As soon as I got back to my dorm room I remembered. There was no textbook, we were supposed to research the famous artwork of Milan. The test was to identify and discuss the Italian Renaissance art was located in Milan. It was late. The library was closed. I decided I should go to bed and try to get to the library before class.

But I was exhausted: I sat on my bed ready to take my shoes off and fell asleep in my clothes.

Within a minute a very nice Catholic Nun shook my shoulder and told me I should not sleep in the pews of the sanctuary. I told her the problem about my class. I did not tell her it was thousands of miles away
(go to article)________________________



Reiki: Just The Facts

"Take Me To The River"

by Don Brennan

“Whoa! Where did you come from?’’ I set it down on the picnic table as fragments of memories washed over me. It was an old friend that I had found as a child, on a family vacation, somewhere one summer. Even though it was still covered with bits of soil, it was easy to see that it was loaded with interesting minerals. “I’m going to have to hose you off.”
The next two mornings, I spent more time staring at the stone than reading my book. The words were creating images not from The Celestine Prophecy, but from the day this stone first came into my life.

I had glimpses of it sparkling
in a shallow pool of water at
the bottom of a riverbed.
(go to article)

_____________________

POETRY

Chris MacCormack
excerpt from
Packages (visit)
___________________


by David Rollow

The Muse came knocking at the writer’s window on a night of wild weather. Her skin seen through the windowpanes was luminous and pale, except for her flushed cheeks. Her green eyes glistened. Never had she looked more beautiful. Gladdened by this unexpected visit--for the page lay empty on his table and the pen lay untouched by the page--the writer stood and unlocked the window, his heart surging against his ribs as if they, too, somehow, were to be unlocked and his heart set free. (go to story)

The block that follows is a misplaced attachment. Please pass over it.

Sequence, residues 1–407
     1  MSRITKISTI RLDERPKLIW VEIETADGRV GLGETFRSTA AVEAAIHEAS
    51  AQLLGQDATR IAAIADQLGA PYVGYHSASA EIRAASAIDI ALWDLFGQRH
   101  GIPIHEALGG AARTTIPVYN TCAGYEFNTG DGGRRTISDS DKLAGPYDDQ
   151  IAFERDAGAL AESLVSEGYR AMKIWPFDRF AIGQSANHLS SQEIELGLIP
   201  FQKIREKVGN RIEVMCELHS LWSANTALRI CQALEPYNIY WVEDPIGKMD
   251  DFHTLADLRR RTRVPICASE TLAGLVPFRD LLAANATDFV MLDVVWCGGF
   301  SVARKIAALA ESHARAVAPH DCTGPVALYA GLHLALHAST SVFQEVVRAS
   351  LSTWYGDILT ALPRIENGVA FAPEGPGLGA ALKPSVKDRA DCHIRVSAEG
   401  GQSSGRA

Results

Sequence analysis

______________________


by Mary Gilliland

Myth is longing. I lose myself in myth. When I would re-read the texts, or re-imagine them, myth led me out of family problems I could do nothing about. It contextualized the martyred strivings of Roman Catholic indoctrination. (excerpt, go to full story)

_____________________


Margarida, José, and the Queen

by by Nancy Vieira Couto

Margarida saw the Queen in that summer of 1901 when all the days were damp and filled with the smell of salt. She couldn’t see the future through the fog, but she imagined machines, money, and motion, a city crammed with tenement houses and streetcars. She was fourteen years old. She and her mother, Maria Julia, had just arrived in Ponta Delgada, having said good-bye forever to aunts, uncles, cousins and friends, the living and the dead.
(go to story)
_______________________

The focus of our next Metaphysical Times will be "Memory." (see full size)

© 2018 The Metaphysical Times Publishing Company - PO Box 44 Aurora, NY 13026 • All rights reserved. For any article re-publication, contact authors directly.